Meanwhile, in New Mexico, the Union Army broke off into mobile units, and redeployed against Apache and Navajo communities. These Native peoples had been resisting the U.S. Army’s attempts to build forts and travel through their territories since the 1840s. When the Civil War came to New Mexico, they siphoned off horses, cattle, and weapons from Union and Confederate camps. In September 1862, the new commander of the Department of New Mexico, James Henry Carleton, declared war on these new enemies and tapped Carson to lead the campaigns.
“All Indian men of that tribe are to be killed whenever and wherever you can find them,” Carleton instructed Carson in a letter, before sending him to fight Mescalero Apaches in the fall of 1862. Women and children would be taken prisoner. Carson was not to engage in any peace talks, only violence. “We believe if we kill some of their men in fair open war,” Carleton told him, “they will be apt to remember that it will be better for them to remain at peace than to be at war.” Carleton planned to send the survivors to live on reservations guarded by Union Army soldiers, and force them into full-time farming and Christianity.
Carson followed orders. After a successful campaign against the Mescaleros, he rode across the Navajo homeland in the summer and fall of 1863 with 400 troops, burning crops and hogans (Navajo homes), and taking as many sheep as he could find. The point of this “hard war” strategy was to starve the Navajo out, forcing them to surrender to the Union. It worked perfectly; in January 1864, Carson led the first 270 Navajo prisoners out of their homeland and toward the Rio Grande.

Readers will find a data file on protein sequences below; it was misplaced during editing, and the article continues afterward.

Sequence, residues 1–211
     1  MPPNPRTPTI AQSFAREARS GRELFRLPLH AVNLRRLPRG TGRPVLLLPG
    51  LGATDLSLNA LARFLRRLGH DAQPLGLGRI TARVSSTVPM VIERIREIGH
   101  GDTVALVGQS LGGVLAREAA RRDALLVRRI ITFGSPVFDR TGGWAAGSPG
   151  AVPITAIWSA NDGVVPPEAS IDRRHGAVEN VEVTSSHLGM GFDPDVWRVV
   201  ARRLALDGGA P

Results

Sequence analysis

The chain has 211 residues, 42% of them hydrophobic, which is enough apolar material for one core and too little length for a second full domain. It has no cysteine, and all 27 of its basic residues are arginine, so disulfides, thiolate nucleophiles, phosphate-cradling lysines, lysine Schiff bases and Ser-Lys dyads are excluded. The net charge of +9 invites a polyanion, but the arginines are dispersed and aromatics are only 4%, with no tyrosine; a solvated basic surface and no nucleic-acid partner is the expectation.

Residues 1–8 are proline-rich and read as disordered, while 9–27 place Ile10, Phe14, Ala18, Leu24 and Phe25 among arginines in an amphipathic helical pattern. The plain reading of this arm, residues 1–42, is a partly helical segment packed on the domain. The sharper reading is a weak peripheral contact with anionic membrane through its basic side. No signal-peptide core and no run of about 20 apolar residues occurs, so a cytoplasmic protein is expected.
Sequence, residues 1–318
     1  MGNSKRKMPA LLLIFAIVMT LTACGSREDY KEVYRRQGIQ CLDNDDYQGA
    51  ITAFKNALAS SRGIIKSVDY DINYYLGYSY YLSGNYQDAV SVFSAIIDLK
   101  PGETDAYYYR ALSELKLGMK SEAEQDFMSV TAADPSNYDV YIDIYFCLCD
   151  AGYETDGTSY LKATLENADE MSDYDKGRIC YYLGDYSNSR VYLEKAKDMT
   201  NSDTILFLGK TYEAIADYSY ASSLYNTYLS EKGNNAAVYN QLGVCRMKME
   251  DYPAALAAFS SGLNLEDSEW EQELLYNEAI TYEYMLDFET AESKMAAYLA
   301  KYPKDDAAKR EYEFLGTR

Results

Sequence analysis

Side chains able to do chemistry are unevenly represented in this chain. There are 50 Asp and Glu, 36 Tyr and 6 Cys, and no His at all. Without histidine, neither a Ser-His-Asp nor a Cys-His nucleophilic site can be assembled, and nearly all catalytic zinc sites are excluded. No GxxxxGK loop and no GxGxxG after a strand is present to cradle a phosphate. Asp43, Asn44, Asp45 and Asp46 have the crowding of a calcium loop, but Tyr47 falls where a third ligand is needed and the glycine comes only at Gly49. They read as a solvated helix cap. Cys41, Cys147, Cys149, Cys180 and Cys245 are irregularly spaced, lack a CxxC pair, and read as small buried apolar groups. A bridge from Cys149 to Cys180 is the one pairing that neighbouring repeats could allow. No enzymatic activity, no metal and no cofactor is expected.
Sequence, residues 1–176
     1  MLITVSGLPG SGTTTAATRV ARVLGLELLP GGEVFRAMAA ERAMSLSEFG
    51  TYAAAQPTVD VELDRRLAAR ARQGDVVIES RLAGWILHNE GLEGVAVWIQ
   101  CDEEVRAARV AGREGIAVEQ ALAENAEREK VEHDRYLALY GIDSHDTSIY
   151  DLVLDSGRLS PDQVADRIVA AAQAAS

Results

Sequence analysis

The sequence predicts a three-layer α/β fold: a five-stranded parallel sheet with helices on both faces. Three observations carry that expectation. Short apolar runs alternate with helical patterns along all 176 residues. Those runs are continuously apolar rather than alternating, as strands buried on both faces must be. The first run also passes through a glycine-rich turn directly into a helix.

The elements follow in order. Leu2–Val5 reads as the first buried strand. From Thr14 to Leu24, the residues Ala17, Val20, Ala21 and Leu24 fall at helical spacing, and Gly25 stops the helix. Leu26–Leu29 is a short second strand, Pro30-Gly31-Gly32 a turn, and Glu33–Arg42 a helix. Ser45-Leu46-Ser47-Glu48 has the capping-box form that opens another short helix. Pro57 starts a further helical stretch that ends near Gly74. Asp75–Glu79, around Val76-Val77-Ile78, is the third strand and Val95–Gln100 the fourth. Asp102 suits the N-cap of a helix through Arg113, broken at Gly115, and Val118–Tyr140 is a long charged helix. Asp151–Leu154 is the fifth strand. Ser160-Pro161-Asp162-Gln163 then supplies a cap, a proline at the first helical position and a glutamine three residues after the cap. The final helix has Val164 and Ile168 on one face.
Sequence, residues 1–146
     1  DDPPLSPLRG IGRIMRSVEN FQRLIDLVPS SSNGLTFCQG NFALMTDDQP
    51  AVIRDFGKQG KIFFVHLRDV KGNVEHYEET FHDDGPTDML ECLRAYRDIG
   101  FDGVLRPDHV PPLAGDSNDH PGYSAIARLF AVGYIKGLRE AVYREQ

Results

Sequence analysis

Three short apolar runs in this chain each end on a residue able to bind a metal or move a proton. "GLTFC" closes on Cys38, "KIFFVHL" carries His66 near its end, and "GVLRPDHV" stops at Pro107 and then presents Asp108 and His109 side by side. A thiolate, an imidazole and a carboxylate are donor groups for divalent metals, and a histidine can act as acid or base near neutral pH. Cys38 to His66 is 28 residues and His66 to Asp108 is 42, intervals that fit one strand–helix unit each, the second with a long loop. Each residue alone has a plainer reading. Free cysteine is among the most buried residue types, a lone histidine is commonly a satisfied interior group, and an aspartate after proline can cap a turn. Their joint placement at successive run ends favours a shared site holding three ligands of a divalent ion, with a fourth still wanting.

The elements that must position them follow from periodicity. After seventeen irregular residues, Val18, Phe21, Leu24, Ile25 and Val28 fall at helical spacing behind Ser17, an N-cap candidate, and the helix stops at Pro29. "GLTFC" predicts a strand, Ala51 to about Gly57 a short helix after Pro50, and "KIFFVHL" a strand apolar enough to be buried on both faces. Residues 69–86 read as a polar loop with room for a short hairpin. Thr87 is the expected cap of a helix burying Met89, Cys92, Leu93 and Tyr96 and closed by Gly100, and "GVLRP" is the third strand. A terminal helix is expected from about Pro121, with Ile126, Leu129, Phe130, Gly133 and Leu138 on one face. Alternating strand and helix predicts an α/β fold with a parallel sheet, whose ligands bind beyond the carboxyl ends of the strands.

This was the first of many forced removals, collectively known as the Long Walk. Over two years, the Union Army forced as many as 10,000 Navajo people to travel 300 miles, from what is now Arizona to Bosque Redondo, a “reservation” on the Pecos River in central New Mexico. Bosque Redondo, overseen by Union soldiers posted at nearby Fort Sumner, was a disaster from the start. Poor water, spoiled rations, a lack of wood, and a series of insect infestations that destroyed corn crops resulted in mass malnutrition and rampant disease. The Navajo began to call the reservation “Hwéeldi,” Land of Suffering. By 1868—when they were able to negotiate a return to their homeland—more than 2,000 Navajo had died either on the Long Walk or at Bosque Redondo.
The Long Walk was a pivotal moment in Navajo history, a traumatic period that marks all that came before and after for their people. Since 1868, Navajo peoples have continued to struggle with the federal government over land rights and resources. These fights have been exacerbated by the Trump administration’s determination to open Native lands to extractive industry, and by the coronavirus pandemic. In May, the Navajo Nation had the highest per capita infection rate in the U.S., and continues to be a major hot spot. As in the 1860s, the Navajo story today is one of suffering and survival. This is one of the stories that should be told in plazas and in front of capitol buildings across the West, rather than the myths embodied by laudatory sculptures of soldiers and frontiersmen.